Eczema is a skin condition that involves inflammation of the outer layer of the skin. It occurs due to multiple factors, but the exact cause of this condition still has not been determined. It is thought to be linked with your genetics and immune system. It can occur at any age, but it is more commonly observed in children. Mild cases of eczema can be managed well, but severe cases can lead to other skin-related complications that may require proper medical attention. Eczema is not contagious and cannot be transmitted by direct skin-to-skin contact.
No singular factor has been identified yet as a cause of eczema. It is thought to result from multiple factors that involve genetics, the immune system, and the environment. A considerable percentage of people with eczema have a family history of this disease. Since eczema is a hypersensitive reaction by your immune system, people with a genetic factor for eczema may also have other hypersensitive disorders such as asthma, food allergies, etc. Certain medicines such as flurbiprofen, siltuximab, cidofovir, etc., and food products may also trigger your immune system that can cause eczema. Environmental factors also influence the development or progression of eczema. Low temperature or low humidity may also trigger eczema or cause it to flare up if you already have this skin condition. This is why most cases of eczema are reported during winter because decreased temperature and lower humidity of the environment cause dry and itchy skin. Hormonal changes during stress, menstruation, or pregnancy can also worsen the symptoms of pre-existing eczema.
Eczema is classified according to incidence, site, severity, and multiple other factors. The most common seven types of eczema include atopic dermatitis, contact dermatitis, neurodermatitis, dyshidrotic eczema, nummular eczema, seborrheic dermatitis, and stasis dermatitis.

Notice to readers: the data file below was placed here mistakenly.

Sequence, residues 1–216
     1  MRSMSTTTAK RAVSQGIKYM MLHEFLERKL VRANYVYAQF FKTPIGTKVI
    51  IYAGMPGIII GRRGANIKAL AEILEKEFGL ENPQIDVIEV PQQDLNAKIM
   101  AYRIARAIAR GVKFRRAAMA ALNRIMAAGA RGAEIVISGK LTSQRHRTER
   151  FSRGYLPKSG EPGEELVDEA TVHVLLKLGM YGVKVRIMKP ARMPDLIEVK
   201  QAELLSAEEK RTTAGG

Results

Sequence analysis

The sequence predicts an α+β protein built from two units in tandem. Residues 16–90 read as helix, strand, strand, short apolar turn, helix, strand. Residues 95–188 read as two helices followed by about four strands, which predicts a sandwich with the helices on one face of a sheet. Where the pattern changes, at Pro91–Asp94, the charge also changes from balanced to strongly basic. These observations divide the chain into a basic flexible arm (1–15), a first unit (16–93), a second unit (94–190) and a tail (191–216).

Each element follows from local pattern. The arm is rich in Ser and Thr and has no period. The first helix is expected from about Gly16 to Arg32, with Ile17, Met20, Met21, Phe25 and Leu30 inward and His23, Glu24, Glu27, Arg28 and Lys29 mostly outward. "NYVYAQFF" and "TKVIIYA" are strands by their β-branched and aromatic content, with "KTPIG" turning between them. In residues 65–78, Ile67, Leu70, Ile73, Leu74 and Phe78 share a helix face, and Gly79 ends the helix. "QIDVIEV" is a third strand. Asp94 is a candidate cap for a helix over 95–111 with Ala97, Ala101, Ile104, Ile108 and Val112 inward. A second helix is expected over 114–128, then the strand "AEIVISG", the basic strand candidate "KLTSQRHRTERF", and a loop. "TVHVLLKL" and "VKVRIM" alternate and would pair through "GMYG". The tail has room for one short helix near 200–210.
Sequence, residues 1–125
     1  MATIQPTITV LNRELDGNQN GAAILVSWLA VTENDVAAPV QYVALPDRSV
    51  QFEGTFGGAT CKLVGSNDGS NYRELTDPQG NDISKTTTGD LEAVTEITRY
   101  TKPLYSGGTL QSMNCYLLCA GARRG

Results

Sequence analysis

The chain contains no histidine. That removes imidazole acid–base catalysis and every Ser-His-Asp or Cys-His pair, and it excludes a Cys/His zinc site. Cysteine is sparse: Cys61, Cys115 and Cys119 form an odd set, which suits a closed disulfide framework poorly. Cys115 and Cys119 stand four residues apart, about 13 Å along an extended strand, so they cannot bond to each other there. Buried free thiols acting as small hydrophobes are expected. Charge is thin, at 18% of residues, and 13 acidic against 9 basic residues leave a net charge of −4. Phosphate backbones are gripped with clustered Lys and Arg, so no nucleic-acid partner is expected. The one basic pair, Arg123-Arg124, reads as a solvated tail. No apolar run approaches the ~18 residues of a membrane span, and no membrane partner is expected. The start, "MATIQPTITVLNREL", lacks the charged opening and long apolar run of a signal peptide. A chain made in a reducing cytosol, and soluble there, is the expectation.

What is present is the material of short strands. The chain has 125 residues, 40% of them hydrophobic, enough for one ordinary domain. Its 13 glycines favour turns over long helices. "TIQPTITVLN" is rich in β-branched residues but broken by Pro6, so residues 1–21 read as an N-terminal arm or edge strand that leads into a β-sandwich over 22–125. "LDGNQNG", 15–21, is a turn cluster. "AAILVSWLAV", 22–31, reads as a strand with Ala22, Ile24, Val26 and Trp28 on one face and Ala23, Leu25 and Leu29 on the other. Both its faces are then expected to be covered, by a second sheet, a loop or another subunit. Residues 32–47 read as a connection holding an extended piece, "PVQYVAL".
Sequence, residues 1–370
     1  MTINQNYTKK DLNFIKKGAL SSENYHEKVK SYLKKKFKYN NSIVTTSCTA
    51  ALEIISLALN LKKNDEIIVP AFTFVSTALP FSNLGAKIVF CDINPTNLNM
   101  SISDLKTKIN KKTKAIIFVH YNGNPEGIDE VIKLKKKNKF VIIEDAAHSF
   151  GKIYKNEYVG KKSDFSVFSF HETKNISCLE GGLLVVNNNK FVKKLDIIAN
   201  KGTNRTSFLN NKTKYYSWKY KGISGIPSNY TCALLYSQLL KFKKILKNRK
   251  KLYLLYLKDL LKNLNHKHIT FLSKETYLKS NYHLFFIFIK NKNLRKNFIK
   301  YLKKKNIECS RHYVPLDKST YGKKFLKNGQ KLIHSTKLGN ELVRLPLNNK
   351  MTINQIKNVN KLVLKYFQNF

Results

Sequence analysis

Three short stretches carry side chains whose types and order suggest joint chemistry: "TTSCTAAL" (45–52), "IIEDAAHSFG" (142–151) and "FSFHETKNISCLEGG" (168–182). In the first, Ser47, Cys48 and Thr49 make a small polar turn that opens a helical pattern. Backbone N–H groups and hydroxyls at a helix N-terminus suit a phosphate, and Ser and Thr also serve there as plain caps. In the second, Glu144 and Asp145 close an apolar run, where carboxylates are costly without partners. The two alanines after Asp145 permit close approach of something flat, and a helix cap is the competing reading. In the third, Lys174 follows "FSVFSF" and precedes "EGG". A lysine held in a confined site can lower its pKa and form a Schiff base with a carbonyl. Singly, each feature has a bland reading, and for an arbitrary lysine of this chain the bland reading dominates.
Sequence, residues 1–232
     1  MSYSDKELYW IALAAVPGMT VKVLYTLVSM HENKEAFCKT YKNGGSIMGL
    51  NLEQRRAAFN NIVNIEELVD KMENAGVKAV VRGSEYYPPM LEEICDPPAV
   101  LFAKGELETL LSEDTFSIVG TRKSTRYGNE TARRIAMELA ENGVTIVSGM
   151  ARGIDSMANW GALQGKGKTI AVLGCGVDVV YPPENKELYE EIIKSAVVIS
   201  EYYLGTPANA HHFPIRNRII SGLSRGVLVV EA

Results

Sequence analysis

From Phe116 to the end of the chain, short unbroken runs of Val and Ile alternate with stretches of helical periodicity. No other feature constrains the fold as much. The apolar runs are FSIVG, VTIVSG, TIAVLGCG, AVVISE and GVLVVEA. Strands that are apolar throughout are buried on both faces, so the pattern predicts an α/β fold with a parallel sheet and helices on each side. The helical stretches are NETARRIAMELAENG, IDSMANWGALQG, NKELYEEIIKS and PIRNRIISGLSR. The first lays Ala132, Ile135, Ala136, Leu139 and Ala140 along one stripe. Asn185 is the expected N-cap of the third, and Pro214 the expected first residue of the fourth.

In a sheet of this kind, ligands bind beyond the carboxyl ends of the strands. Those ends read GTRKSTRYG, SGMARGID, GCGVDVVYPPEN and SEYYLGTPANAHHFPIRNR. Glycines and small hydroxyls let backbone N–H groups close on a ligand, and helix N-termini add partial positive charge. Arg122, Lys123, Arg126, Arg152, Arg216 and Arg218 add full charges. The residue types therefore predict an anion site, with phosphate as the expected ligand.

Atopic dermatitis is the most common type caused by a genetic or immune component. It can be triggered by allergens and occurs mainly on the face, scalp, neck, buttocks, and inside of elbows/knees.
Contact dermatitis results after contact with an allergic substance or chemical irritant such as nickel, poison ivy, etc. It can occur anywhere on the skin that directly contacts the offending agent.
Neurodermatitis occurs after continuous scratching of a localized spot on the skin. It may result from an insect bite and can be seen on the scalp, forearms, and lower legs.
Dyshidrotic eczema is frequently observed on palms and soles of feet. It is present in the form of minor vesicles that may burst at any time.
Nummular eczema occurs in the form of scaly, round patches with a clear outline. They are usually present on the lower legs and cause extreme discomfort.
Seborrheic dermatitis results in the formation of scales or flakes on the scalp and eyebrows. In its mild form, it occurs as dandruff along with consistent itching.
Stasis dermatitis occurs in people with reduced blood circulation to a particular area, especially in the lower legs and around ankles. The skin of such regions becomes thick, dark, and crusty.